This week, on Sunday November 10th, in 1935, Walker Evans visited Bethlehem, Pennsylvania, a small city right next to Allentown, in an area well-known for its steel production, the Lehigh Valley. Accompanying him was photographer Peter Sekaer and Sekaer's wife, Elizabeth. When the trio arrived here, they were not very far into the first federal assignment trip that produced many of the pictures that make up his oeuvre, "American Photographs." This particular day, he made several well-known pictures: of the local train station, of the bridge to New Jersey in neighboring Easton, and in St. Michael's Cemetery alone, made two that endure: the sculptural portrait grave of Maria Fanella and her son Antionio Castellucci, and the view of brick rowhomes before the blast furnaces and stacks of the dark and formidable steel mill, punctuated by a grand cross in the immediate foreground.
I am happy to report that first grave still stands by the street, but sad to report that the cross in the landscape is gone. The photo that appears here is not shot from the spot where Evans stood with his long lens, but from a bit higher and to the right of his probable station. (Ann account of the visit is in the Mellow biography.) This is probably not a surprise to some reading this, as many photographers have clearly made the pilgrimage to Bethlehem. A simple Google search confirms this. The trip was especially important for me to make, as my grandfather grew up on East 3rd Street, one block over and a few blocks down from this site on East 4th Street. I had not been there since I was a child. My vague memories of that previous trip involved a natural spring and a fossil; that's about it. This summer, I finally learned that my great-grandfather, a Hungarian immigrant, built two houses and a coal distributing company, East End Coal Company, directly across the street from the Bethlehem Steel Mill, where he and his sons had also worked, according to census records. My great aunts still live there, and one told me she recalled walking past the cemetery every day on the way to school. She had never heard of Walker Evans or seen his work, but she happily drove me around to check in at the various locations. The cemetery, owned by the Holy Infancy Catholic Church, is somewhat in disrepair, but much less so than it has been in previous decades. A newspaper search in the Bethlehem Room of the local library contains many articles about annual volunteer clean-ups over the years, organized by the St. Michael’s Preservation Association. Many stones had been toppled due to vandalism, including the one in question, I thought. John T. Hill, Evans's executor and a well-known voice in the Evans world, offered this, that the most likely "story being that the family removed the cross and angel to another location," and that there is "no information about the new location." So the cross is gone, but much of the once grand steel mill remains, though it is really mostly just that right now: remains. The security guard told me it has hosted production of movies like both "Transformers" movies. The sight of celebs like Catherine Keener jogging is not so strange around these parts, or so I hear. Part of the property is now a Sands Casino, and the other part stands in anticipation of the future opening of the National Museum of Industrial History, in partnership with the Smithsonian.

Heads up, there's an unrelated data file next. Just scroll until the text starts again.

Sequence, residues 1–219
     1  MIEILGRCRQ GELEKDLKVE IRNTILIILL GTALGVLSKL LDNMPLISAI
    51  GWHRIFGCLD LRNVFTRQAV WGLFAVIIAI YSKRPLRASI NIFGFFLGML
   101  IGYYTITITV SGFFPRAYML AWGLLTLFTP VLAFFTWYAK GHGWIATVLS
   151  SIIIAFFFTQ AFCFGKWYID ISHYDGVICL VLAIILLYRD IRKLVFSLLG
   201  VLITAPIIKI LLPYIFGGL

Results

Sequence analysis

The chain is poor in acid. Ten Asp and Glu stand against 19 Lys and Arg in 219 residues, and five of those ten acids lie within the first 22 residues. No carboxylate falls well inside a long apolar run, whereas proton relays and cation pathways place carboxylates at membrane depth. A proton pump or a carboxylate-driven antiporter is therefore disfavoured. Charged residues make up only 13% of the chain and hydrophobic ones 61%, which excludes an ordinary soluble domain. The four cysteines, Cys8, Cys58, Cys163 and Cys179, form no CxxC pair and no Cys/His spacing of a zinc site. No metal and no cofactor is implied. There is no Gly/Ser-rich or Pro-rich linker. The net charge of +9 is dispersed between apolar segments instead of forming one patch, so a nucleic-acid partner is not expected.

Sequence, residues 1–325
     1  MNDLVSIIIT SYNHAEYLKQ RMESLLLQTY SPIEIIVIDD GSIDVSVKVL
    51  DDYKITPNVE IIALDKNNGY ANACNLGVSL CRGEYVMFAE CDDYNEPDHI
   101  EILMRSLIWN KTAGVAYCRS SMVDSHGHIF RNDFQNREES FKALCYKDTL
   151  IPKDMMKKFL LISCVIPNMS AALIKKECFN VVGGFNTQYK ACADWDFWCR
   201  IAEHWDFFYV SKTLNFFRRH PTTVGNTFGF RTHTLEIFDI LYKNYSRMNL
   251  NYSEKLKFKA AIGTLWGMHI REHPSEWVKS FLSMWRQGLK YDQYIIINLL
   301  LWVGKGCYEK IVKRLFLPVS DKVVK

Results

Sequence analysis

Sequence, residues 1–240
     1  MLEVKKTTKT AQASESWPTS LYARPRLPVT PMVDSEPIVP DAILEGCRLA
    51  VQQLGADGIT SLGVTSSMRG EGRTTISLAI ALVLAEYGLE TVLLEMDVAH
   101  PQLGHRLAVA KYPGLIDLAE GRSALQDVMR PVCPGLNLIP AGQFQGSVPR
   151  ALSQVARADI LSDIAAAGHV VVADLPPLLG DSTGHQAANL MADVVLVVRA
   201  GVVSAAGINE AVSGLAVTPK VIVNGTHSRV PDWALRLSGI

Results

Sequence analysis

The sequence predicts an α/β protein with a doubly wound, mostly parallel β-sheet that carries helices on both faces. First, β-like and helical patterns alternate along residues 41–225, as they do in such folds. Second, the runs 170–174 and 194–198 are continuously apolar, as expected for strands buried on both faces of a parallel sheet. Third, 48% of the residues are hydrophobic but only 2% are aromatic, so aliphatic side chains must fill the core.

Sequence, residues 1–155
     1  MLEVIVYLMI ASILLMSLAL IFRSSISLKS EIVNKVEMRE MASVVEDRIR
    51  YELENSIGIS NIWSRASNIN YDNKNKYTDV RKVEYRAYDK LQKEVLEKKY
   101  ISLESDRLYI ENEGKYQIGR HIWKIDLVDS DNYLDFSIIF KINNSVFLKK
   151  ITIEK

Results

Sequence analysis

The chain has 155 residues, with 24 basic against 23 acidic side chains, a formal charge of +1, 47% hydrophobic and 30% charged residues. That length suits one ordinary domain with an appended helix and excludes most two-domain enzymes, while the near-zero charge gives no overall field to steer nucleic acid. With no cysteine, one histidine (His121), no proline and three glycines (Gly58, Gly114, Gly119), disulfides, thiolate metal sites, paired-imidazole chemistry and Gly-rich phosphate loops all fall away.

Check out their well-designed website in the meantime: www.nmih.org. The small city seems to have its head on straight about repurposing and reinventing itself and celebrating its heritage, at the same time. If you don't mind a lot of people in town, and are in the mood for some live music, visit during the annual music festival, another reinvention that proves he town knows how to keep moving forward: http://www.musikfest.org/. As for the local Evans tour and exhibition, it already happened in 2008, sponsored by the South Bethlehem Historical Society and the Delaware Lehigh National Heritage Corridor: http://www.southbethhistsoc.org/eventsWalkerEvans.htm . Proceeds went to help with cemetery upkeep. Donations in general can be made online to both of those organizations: www.southbethhistsoc.org and www.delawareandlehigh.org. For more details and photos from Evans and Sekaer's trip and correspondence, look in the new book on Sekaer, "Signs of Life." Walker Evans III was born on November 3, 1903 to Walker II and Jossie Evans in St. Louis, Missouri. Happy Birthday.